By a thousand cuts.
Alfie suffers from a rare neurological disease that doctors at the hospital have been unable to treat. Alfie’s parents want to take him to a hospital in Italy that has offered to provide care and treatment and to do their best to combat the medical condition, but doctors at Alder Hey Children’s Hospital in London say Alfie’s condition is too far gone and they want to pull his life support and end his life.
I’ll be honest with you, I find myself growing numb to these stories. Not because it doesn’t matter, or because it doesn’t affect me, or that I agree with the court’s decision—it’s that it’s too horrible to fathom. I’ve lost a child to circumstances no one could control (congenital heart defects), and my heart and mind recoil in horror and revulsion at the thought of bureaucracy deciding she wasn’t worth fighting for. We were able to try everything our insurance allowed, we had the best surgeons and care, and we had nearly three years with her. But would a bureaucrat have deemed her life worth prolonging, especially with the uncertainty of a favorable outcome?What do we become when we cease valuing life as a society? Iceland has a 100% abortion rate for Down Syndrome babies. (America isn’t much better: ours is somewhere like 90%.) The Netherlands has practiced infant euthanasia for some time. I’ve read dispassionate arguments stating that infanticide has been practiced throughout human history and is therefore more commonplace than our delicate, modern sensibilities allow, to which I’d counter that the rise of Judaism and Judeo-Christianity readjusted humanity’s baser nature, focusing on the preservation of life, regardless of its imperfections and inherent difficulties. And one only has to give the bulk of humanity’s literature and history a cursory glance to see that valuing life is normal, human behavior.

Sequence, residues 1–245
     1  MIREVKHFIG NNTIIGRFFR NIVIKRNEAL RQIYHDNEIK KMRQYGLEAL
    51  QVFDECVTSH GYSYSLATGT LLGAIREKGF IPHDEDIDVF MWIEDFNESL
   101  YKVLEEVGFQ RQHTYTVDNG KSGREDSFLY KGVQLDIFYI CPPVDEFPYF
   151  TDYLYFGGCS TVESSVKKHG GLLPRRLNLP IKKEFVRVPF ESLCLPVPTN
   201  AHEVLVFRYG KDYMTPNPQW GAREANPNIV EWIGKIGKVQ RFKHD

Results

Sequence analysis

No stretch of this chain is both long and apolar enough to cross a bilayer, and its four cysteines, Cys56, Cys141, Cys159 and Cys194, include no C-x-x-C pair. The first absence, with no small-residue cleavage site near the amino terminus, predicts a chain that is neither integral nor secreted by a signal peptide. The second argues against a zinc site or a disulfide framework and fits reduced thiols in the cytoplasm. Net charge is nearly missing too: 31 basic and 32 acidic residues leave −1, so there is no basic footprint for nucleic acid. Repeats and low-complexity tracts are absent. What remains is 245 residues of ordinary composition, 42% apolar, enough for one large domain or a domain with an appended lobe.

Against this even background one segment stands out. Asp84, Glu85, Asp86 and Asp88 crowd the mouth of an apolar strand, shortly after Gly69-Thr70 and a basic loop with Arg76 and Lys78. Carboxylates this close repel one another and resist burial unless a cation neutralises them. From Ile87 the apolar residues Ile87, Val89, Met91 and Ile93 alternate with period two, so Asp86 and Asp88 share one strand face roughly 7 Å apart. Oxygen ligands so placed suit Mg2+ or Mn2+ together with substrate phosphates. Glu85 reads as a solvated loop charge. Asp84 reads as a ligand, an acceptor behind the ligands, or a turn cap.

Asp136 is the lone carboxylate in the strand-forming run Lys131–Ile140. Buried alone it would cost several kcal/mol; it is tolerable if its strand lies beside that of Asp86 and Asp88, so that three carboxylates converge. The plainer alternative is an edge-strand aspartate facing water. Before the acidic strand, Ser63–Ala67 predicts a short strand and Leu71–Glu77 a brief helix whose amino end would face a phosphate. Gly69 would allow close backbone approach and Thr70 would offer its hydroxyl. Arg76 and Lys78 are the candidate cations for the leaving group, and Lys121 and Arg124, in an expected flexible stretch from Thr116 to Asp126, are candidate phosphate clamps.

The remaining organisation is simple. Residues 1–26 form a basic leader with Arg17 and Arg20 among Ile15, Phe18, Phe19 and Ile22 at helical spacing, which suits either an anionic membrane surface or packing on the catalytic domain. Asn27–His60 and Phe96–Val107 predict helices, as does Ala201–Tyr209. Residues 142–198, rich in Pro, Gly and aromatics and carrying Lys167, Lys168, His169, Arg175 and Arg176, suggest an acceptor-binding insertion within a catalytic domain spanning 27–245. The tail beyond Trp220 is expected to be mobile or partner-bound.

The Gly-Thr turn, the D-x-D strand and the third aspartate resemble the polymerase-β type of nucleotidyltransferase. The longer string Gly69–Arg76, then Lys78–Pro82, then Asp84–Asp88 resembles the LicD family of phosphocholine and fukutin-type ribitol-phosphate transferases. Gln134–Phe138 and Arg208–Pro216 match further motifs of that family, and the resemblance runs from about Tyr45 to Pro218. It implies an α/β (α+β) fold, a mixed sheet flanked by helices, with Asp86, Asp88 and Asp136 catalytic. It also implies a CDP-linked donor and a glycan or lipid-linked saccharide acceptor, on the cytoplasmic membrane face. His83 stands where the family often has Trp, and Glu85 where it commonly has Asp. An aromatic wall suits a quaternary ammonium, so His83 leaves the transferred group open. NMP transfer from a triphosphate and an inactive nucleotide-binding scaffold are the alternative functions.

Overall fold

What isn’t normal is allowing government to control who lives and dies outside of the criminal justice system (which is actually an oversimplification on my part for the purposes of brevity). But we can look at the UK as a model for what not to do, as the British people have been slowly conditioned with each new iteration of the Nanny State, inoculated against governing themselves. Ceding control of the well-being of one’s children to the government seems counter-intuitive initially, but when you take into consideration the infantilization of adults in Western culture—adolescence that extends into one’s 30’s, the insidious idea that one must sacrifice liberty for safety—giving up our children to our betters seems only natural.
Children of the state
And then, suddenly, you can’t homeschool your children without breaking the law (Germany), or take your terminally ill child to specialists in another country. The helplessness these parents must feel breaks my heart. This is what civil libertarians warn against when the push for socialized (“universal”) healthcare results in monstrosities like Obamacare, which was always meant to fail and leave us no option but single-payer healthcare. Single-payer, government-mandated healthcare is handing the faceless bureaucracy unfettered access to your most intimate information, with which they can then do anything, including decide whether you live or die. Whether you “deserve” that liver transplant for your congenital liver disorder when it seems you may have had a few drinks over the course of your life. Whether your child, severely ill and yet still alive—still the possessor of your heart and soul—should be allowed to continue breathing.
All of the criticism directed at “corporations” for treating people like numbers on a spreadsheet becomes reality on a national scale, except when government is the sole provider of healthcare (or education, or whatever), the consumer has nowhere to turn for better options. At least not anywhere the average person can afford. With corporations, competition keeps overreach in check. With government holding a monopoly, we’re at the mercy of the leviathan.
And so are our children.